At the start of the last century, most people worried whether they’d be able to put food on their plate: today, they’re more concerned about whether their plate has too much food. Almost every day, there are cautionary tales regarding the health risks of consuming excessive calories, fat or sugar. A modern-day version of Oliver Twist would likely be clinically obese rather than going hungry.
In Western Europe and North America, there is subsequently more pressure on soft drink and confectionery manufacturers to act responsibly. In the UK and US, there has been much effort by companies to reformulate their products, with Mars, Mondelez and Nestlé all aiming to reduce the calorie content within their countlines. As data from Euromonitor International’s Nutrition research demonstrates, many chocolate bars sold in the UK now meet a voluntary target of less than 250 calories per pack. However, will continuing concerns regarding sugar consumption affect sales?
The dangers of sugar consumption
Sugar has become one of the most vilified ingredients within food. Daily sugar consumption is particularly high in the US, UK and Germany, which are three of the top 10 global spenders on packaged food. On average, these countries consume 73.3 grammes per day of sugar from packaged food – nearly double the global average. As the graph below demonstrates, the largest contributors to daily sugar consumption vary across these countries.
Popularity of Sugar: Volume Growth for the Largest Contributors to Daily Sugar Purchase 2014-2019
Source: Euromonitor International
While tablets and countlines feature for Germany and the UK, it is not just confectionery that contributes to the high consumption of sugar within these countries – dairy and bakery products, such as packaged bread and pasteurised milk, also rank highly. As the graph shows, many of these products will experience a decline in volume consumption over the next five years, with semi-skimmed milk expected to contract by 2% over the forecast period, equivalent to 750 million litres.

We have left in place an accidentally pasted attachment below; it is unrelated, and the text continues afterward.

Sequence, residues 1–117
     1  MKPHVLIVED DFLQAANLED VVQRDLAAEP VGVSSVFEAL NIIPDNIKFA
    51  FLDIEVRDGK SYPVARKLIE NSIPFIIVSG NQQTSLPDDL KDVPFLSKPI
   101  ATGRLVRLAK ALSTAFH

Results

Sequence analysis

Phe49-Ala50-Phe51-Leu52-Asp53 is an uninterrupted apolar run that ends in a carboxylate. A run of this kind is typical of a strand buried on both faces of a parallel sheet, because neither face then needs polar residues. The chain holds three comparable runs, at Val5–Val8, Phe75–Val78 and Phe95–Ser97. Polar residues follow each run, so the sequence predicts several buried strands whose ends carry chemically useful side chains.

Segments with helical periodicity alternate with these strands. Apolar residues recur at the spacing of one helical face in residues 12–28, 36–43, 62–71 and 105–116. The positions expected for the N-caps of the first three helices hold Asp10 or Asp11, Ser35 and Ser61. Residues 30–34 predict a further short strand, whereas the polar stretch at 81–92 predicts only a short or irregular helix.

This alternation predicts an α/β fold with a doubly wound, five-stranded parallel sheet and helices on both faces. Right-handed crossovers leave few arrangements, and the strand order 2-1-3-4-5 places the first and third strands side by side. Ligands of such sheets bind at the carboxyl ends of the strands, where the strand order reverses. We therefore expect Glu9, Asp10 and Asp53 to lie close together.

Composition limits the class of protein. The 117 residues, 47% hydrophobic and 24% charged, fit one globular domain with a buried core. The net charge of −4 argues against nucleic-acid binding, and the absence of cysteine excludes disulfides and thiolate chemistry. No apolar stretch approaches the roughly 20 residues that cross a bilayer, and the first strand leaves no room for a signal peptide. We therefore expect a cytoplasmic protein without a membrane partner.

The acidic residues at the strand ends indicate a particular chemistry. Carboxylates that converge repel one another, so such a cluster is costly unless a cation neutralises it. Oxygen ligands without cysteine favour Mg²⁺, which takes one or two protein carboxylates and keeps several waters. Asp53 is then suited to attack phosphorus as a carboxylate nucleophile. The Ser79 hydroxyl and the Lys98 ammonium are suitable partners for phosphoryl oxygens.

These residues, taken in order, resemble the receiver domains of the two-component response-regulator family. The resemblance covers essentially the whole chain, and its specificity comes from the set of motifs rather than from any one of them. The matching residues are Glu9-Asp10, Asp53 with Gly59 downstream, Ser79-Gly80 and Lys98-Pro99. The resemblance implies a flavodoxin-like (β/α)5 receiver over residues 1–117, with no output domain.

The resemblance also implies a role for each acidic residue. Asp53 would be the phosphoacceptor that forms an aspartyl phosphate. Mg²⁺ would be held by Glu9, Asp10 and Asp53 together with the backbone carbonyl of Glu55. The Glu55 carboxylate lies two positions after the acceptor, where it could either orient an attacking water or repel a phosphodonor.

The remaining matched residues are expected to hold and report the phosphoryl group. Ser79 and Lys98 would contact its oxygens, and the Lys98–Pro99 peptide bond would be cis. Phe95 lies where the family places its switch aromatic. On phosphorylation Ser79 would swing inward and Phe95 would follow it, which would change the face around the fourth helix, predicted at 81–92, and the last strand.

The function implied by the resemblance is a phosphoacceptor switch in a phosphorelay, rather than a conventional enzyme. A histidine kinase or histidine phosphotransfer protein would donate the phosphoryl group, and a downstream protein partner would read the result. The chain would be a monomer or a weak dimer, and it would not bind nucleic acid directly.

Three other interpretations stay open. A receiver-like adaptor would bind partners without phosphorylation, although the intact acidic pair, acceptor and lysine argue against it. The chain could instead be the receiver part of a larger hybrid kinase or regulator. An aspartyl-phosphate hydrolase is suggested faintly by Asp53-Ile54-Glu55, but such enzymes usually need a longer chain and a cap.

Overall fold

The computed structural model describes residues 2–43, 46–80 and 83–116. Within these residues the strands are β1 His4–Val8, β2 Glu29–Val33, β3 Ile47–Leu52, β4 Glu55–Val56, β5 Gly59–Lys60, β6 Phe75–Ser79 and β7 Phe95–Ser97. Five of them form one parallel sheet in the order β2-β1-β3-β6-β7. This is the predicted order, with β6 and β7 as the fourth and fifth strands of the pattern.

Given that such diverse products are all experiencing declining volume consumption, it would be overly simple to solely blame increased awareness of sugar’s health impacts as the reason for such decline. Indeed, sugar occurs naturally in milk. However, an increased emphasis on the dangers of excessive sugar consumption will make it more difficult for these products to achieve organic value growth.
Within soft drinks, using natural sugars or sweeteners such as stevia has been met with an ambivalent response, as in the case with Coca-Cola’s Sprite brand, which has seen a significant decline in sales since it reformulated its recipe. The problem of relying on sugary products in a period where sugar is a public enemy will prove tricky for manufacturers to resolve. Reducing sugar proportions within products will be more difficult than simply reducing the size of the product, as in the case of calorie consumption.
Hitting Targets: Energy (kcal) by Countline Pack Size 2014
Source: Euromonitor International
Less calorific chocolate bars – goodwill or pragmatism from manufacturers?
Considerable efforts have been made by the likes of Mars and Mondelez to reduce calories within their countlines – most products now have fewer than 250 calories. However, calorie reduction has not just stemmed from the goodwill of these multinational corporations. While product reformulation has reduced calories, Mars, Mondelez Hershey and Nestlé have all reduced the size of their countlines by between 10-20%, usually without reducing the unit price of the products. This most recently took place in Australia, where Mondelez reduced the size of its Cadbury’s products – again, without reducing prices. Reducing pack size has significantly contributed to companies’ abilities to meet their voluntary targets.
Manufacturers are making these decisions as a result of increasing pressure on the cost of ingredients. Specifically, the price of cocoa, which is essential to the chocolate recipes, rose by 25% per metric tonne over the course of 2014. All companies that have reduced pack sizes have cited input costs as placing a significant strain on their cost of operations. Increased cocoa prices are not mirrored by sugar, the price of which has declined per pound over the last five years. Compared to cocoa, sugar is a cheap commodity with stable prices, and this might explain the launch of products such as Cadbury’s Marvellous Creations, which reduce cocoa content by replacing chocolate with sugar confectionery. This may be difficult for products such as Kit Kat and Snickers, which are standardised. However, as high cocoa content puts pressure on operating costs, it is possible that other manufacturers will pursue a goal of replacing chocolate with sugar, regardless of the ingredient’s bad reputation.
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